1. Wow. That’s pretty stupid, when dome lights in cars have had manual switches for decades. Just a 3-way switch by the light itself, on / off / automatic door-switch operation.

        It’s a nicer option even than the one here, I think, because you can control it however you like, according to the situation. You might want the light on while the door’s shut, if you’re parked up and trying to read a map or make a cup of tea. You also don’t have to dick about in the door mechanism when you’re sat in the back.

        This problem was solved at least 30 years ago. Removing the fuse!?!?

    1. Jeeps warning stickers and manual specifically state that the doors and roof are for protection from the elements and to not rely on them to contain the occupants or provide protection. I’ll stick with my doorless Wrangler over someone named Daewoo…

      1. In 2010 I paid about $800 for my ’99 Lanos and it serves me to this day without any major issues. Jeeps, BMWs and other expensive cars – once they break you’ll cry when mechanic gives you the bill.

      2. Not to mention the cost of trying to source repair parts for a 15-year-old exotic short-run pacific rim vehicle like the Lanos vs. something like Jeep and BMW where there are third-party aftermarket parts and even still factory-original OEM parts.

  2. Jeep’s answer is that you can pull the fuse, that is what it says in the manual. Myself i stuff come connectors in the fuse socket, added an inline fuse holder and wired up a switch that hides under the drive dash next to the obd-ii connector.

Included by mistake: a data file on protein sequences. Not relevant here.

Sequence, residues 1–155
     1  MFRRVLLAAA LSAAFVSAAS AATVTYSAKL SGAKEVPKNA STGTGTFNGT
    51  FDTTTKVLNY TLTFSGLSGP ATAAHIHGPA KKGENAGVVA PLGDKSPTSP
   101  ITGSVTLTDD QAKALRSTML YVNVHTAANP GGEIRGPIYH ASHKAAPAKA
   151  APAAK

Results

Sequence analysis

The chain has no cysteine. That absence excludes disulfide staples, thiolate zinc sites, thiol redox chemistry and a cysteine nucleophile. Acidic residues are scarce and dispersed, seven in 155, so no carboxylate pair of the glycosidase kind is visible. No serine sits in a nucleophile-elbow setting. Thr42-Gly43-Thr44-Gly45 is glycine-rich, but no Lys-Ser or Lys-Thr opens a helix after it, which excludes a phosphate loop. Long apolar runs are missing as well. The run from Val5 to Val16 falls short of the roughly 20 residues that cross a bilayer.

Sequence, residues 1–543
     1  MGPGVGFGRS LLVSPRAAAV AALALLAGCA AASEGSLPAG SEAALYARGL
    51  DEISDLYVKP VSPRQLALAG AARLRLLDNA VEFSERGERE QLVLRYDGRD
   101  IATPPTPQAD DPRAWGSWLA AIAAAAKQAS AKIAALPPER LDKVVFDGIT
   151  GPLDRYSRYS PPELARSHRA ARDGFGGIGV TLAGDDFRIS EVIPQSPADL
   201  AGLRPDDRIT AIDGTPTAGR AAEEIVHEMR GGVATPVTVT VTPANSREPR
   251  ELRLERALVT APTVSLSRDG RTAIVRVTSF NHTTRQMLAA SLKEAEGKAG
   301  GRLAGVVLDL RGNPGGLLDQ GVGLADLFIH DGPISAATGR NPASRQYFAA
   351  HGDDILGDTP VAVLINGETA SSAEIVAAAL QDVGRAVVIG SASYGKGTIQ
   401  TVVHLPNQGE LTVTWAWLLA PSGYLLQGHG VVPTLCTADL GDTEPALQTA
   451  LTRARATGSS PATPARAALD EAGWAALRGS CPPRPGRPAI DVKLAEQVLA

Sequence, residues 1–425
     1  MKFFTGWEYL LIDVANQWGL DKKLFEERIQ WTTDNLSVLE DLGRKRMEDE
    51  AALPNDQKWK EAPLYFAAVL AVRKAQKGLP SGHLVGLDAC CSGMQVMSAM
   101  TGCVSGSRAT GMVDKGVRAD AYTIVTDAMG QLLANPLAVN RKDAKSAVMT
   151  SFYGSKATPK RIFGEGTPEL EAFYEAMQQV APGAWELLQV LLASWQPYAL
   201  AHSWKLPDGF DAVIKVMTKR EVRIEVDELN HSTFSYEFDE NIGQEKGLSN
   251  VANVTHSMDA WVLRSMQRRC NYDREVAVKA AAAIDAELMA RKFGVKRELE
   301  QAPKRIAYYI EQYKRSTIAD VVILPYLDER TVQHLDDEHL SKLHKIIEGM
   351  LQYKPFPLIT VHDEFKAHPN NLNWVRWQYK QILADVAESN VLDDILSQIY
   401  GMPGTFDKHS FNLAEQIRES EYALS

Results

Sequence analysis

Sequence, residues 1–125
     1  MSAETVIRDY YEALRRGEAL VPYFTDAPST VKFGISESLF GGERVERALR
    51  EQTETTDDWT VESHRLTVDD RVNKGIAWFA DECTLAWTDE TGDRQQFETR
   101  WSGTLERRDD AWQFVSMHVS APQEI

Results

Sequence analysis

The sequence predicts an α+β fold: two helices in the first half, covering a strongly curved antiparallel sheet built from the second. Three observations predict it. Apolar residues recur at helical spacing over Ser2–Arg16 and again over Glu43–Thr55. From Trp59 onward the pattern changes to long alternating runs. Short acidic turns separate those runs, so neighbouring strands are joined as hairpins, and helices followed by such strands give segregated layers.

3. I just wired a push-on/push-off switch into the circuit and located it in an empty auxiliary switch panel on the lower part of the center dash. simple, easy, clean and cheap. Won’t be affected by the weather unless the Jeep goes swimming deep enough to fry the stereo.

  4. My 2015 Wrangler Sport doesn’t have the switch or this problem…. Original owner of 3 yrs now and has never been in the shop for anything. Mine sees as much off-road as pavement. It’s been a good one.

  5. The switches available on various sites do not present a “troublesome wiring” challenge….mine just slides into the fuse panel behind the fuse. Took almost 5 minutes to install…BUT…this is still a great idea!

  6. At first I thought, what a silly way, just install a switch close to the bulb (although I was very much surprised that there wasn’t any from the factory.
    But after watching the video, it became clear that this method, using this special king of switch, is actually very elegant.

    As mentioned by “polobunny”, replacing the lightbulb with an LED is also a nice suggestion.

    at 1:15 in the video it is shown how easy you can remove the switch from the car chassis. Then the cable is dangling outside the hole it came from… what isn’t shown is that (with my luck) the moment the switch is disconnected from the cable, the cable will (if not secured) shoot back in and you’ll be busy for an hour retrieving that now unreachable cable end… But then at 7:10 in the video it became clear that it isn’t a problem at all as he reaches from the other side of the hole to insert the switch.

    Nice hack.

  7. The instrument panel dome light switch on the vehicles I ever owned or operated, only allows one to turn on the dome light when the doors are closed, not turn off the dome light if the doors are open or removed. For that reason I don’t understand the comments that suggest the decades old wiring and switch is a solution. A resourceful modification, but if I changed the door configuration enough to make pulling the fuse a chore, I’d wire a wire in a secondary switch, or a relay that would energize the dome light circuit only when the ignition switch is on or in the aux. position.